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Director Luca Guadagnino desperately wanted Armie Hammer to star in his new film Call Me By Your Name. But hammer wasn't sure he was the right man to play Oliver, a closeted graduate student dealing with a powerful attraction during a summer in 1980s Italy. Guadagnino tells us how he got Hammer on board, about starting as a consultant but ending up as director of the film, and about calling in favors to shoot the entire movie in just five weeks. Also on the news banter, though critics aren't loving Justice League, it will probably still do well at the box office. But will it make enough to cover the high costs of a problematic production?

Photo: Director Luca Guadagnino on the set of Call Me By Your Name (Sony Pictures Classics)

Hollywood news banter 6 MIN, 42 SEC

Matt Belloni, editorial director of the Hollywood Reporter, joins Kim Masters to discuss top entertainment news stories of the week.

  • Justice League, the newest DC Comics Warner Bros movie is here, and it stands in stark relief to Disney's Marvel movies. The most recent Marvel movie, Thor: Ragnarok was a hit, and featured only a B-level character. Justice League is supposed to be the best of the best DC Comics characters, and as of tape time, only had 40 percent on Rotten Tomatoes.
  • Speaking of Rotten Tomatoes, the ratings aggregator has a new Facebook show where they wait until the last minute to reveal a film's score. This might just be part of their new way to drum up attention going forward, but it sure looks like Warners was trying to keep the score hidden for as long as possible.
  • Two of the stars of Justice League, Gal Gadot and Ben Affleck skipped the press line on the red carpet, probably to avoid being asked questions about sexual harassment in the industry. Gadot has said she will not do another movie that's financed by Brett Ratner.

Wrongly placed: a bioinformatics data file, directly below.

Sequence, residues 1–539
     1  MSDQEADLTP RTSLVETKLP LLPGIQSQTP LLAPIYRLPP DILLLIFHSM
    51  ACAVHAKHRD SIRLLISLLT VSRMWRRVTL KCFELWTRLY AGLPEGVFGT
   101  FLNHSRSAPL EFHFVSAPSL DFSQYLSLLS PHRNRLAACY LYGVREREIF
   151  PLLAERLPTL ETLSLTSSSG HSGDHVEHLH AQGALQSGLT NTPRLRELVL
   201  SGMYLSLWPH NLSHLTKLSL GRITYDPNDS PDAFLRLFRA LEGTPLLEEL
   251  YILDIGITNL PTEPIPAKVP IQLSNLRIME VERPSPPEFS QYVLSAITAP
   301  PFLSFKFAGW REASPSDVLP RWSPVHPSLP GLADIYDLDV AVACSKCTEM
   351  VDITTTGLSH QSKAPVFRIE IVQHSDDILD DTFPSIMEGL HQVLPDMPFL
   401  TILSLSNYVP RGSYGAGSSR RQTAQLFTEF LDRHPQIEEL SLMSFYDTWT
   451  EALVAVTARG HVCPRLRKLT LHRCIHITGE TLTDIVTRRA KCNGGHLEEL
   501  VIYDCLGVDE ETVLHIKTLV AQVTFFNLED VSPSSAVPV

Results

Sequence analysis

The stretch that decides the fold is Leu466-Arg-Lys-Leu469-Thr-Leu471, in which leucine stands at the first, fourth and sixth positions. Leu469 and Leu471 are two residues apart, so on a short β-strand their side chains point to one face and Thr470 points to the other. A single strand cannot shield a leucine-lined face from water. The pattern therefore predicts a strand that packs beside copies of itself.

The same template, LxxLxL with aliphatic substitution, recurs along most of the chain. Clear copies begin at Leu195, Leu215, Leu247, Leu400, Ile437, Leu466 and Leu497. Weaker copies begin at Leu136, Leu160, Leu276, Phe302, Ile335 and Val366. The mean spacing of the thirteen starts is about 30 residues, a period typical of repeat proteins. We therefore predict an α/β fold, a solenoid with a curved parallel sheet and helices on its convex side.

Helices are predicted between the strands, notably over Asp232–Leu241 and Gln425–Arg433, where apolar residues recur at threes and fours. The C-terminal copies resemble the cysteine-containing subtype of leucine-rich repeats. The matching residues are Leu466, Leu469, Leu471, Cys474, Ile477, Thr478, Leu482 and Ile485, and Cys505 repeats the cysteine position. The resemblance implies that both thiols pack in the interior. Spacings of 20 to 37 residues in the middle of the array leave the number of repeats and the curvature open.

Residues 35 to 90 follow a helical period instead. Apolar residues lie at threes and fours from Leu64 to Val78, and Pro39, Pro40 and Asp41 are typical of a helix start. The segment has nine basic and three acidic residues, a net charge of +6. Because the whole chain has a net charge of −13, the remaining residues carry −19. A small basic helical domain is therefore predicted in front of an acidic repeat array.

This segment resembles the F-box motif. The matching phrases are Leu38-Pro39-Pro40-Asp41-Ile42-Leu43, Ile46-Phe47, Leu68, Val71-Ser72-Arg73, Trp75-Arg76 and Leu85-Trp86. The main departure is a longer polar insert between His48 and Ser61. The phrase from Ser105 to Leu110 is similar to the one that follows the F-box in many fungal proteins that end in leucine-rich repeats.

Director Luca Guadagnino on 'Call Me by Your Name' 20 MIN, 25 SEC

The new film Call Me by Your Name, based on the 2007 novel of the same title, is a sensuous, coming-of-age love story set in northern Italy in the 1980s.

As the movie begins, the Perlman family is awaiting a visitor. Michael Stuhlbarg plays Lyle Perlman, an American professor who spends summers with his family at their Italian villa. For six weeks, his 17-year-old son Elio, played by Timothee Chalamet, has to give up his usual bedroom to accommodate 24-year-old grad student Oliver, played by Armie Hammer.

As the summer progresses, so does the relationship between Elio and Oliver. The film earned raves when it premiered at Sundance and is now an awards contender.

The director of Call Me by Your Name is Italian filmmaker Luca Guadagnino. His previous movies include I Am Love and A Bigger Splash.

We recently sat down to talk about Call Me by Your Name, but before we did that, of course, we chatted for a moment about the topic on everyone's mind in Hollywood -- the continued unmasking of sexual predators following the downfall of Harvey Weinstein.

Guadagnino also shares a bit about his background, including why he decided not to go to film school. He also explains how he ended up working on Call Me by Your Name, first as an Italian consultant, then as a producer, then co-director with screenwriter James Ivory, and finally as the solo director -- a process that took 10 years, all told.

He also talks about his love of Armie Hammer, and how he tapped into his inner "Hannibal Lecter" psychoanalyst to convince him to take the part of Oliver.

Guests:
Luca Guadagnino, film director

CREDITS

Host:
Kim Masters

Producers:
Kaitlin Parker

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